As we read earlier, the co-founders tried many things to get the site more traffic and inflow and get people to upload videos, but it was all a waste. Karim stated that their users were ahead of them; that they began using YouTube to share all kinds of videos: their dogs, vacations, anything. The co-founders then decided to let the users define YouTube for the world. Karim uploaded his, and the, first video on YouTube on 23rd April, 2005: Meet me at the Zoo. It was under the username “jawed” and was recorded by his high school friend Yakov Lapitsky.
By June they had completely revamped the website, making it general and open. And their efforts had finally paid off. This pivot, this turning point, could be stated as the greatest thing that ever happened to the site.
Since June 2005, YouTube started blooming magnificently. It was hosting more than 65,000 video uploads and getting an average of 100 million video views per day in July. On Alexa, it was ranked as the fifth-most-popular website (outpacing MySpace’s rate of growth) with an average of nearly 20 million visitors per month.
YouTube entered into a marketing and advertising partnership with NBC in June 2006. Moving on a year ahead, on October 2006, it was announced that Google purchased Youtube for US$1.65 billion in stock.
However, YouTube decided to continue its operations independently but with its co-founders and 67 employees working within Google. In 2007, YouTube started the YouTube awards. Its purpose was to give recognition to the best of the YouTube videos, voted by the community.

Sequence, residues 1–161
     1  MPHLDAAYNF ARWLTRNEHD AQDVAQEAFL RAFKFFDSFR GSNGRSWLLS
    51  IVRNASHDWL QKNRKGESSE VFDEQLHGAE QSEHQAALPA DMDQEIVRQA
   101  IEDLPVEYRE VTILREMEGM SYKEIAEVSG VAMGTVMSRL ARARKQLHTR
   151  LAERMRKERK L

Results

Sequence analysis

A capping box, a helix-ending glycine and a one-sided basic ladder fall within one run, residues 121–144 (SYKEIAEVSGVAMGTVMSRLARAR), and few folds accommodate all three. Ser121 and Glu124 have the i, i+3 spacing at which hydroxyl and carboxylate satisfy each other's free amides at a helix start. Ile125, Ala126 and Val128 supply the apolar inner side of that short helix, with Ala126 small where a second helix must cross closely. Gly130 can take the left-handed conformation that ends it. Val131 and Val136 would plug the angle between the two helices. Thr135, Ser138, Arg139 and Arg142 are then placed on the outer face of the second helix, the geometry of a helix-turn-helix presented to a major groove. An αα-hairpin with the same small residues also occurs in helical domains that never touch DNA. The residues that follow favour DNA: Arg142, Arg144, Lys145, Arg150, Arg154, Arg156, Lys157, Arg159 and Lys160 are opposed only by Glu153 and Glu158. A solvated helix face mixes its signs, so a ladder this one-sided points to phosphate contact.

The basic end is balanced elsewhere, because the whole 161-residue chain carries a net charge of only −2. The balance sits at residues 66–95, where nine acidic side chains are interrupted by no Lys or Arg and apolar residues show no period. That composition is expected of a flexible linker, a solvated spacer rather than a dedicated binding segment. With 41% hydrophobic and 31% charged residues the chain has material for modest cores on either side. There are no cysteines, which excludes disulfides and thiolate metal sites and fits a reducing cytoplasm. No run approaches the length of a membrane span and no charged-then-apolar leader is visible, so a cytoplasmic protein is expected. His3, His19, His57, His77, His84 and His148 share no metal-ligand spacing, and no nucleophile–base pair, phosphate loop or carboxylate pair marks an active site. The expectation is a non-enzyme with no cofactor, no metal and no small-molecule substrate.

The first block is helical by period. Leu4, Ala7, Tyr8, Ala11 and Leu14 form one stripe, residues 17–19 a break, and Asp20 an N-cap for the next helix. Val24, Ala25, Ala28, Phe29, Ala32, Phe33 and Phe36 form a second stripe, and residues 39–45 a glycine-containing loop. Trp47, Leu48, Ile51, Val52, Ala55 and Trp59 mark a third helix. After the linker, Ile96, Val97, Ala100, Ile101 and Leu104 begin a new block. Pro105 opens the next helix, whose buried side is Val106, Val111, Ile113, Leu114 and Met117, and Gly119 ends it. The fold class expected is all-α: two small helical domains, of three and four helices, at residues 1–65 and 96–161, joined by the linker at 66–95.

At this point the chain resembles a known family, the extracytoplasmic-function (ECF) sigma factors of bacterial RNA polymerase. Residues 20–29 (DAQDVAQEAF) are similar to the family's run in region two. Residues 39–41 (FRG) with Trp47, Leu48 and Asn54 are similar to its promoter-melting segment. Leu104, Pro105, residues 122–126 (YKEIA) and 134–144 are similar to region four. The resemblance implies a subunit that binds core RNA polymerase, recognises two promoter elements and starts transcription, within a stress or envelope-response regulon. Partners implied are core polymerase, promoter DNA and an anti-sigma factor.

In 2007, YouTube started the YouTube awards. Its purpose was to give recognition to the best of the YouTube videos, voted by the community.
In 2011 the Google+ social networking site was integrated with YouTube and Google Chrome, allowing YouTube videos to be viewed from the Google+ interface.
In that year, in December, it changed its interface and at the same time, they changed their logo (their first design change since 2006).
Similar to this, YouTube has made many changes since its inception, which is one of the main reasons why it has been such a success throughout. Today YouTube is a behemoth in video-sharing. More than a billion hours are spent, each day, watching YouTube videos, and there are more than 400 hours of content uploaded every minute (as of February 2017).
Why did their strategy work? The secret of a pivot.
Initially, when YouTube’s website’s idea of a dating platform failed, they immediately decided to change it to a general platform for all kinds of videos. Now, there is more to this than most might observe. It was a successful complete pivot. A complete change in its motive and vision.
Most entrepreneurs are not ready to give up their initial vision and because of this they are even ready to jeopardize their entire business. This is a mistake so often made and the issue at hand is actually a simple one. In fact, if you go to see in reality, most of the world’s leading businesses had a successful pivot after which their success skyrocketed.
Just like YouTube and many more successful businesses, never be afraid to question the motive and vision of your business and whether or not it is actually a viable one. The key is to respond well to your customer’s reactions and be ready to face the challenge that might be to change your plan and pivot.
It might just be the best thing that would happen to your business.
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I love reading books on self-help, motivation, businesses, entrepreneurship, social dynamics, etc. To me a life without health, wealth, love, and happiness is a life not worth living; and if a man has everything but love—he has nothing.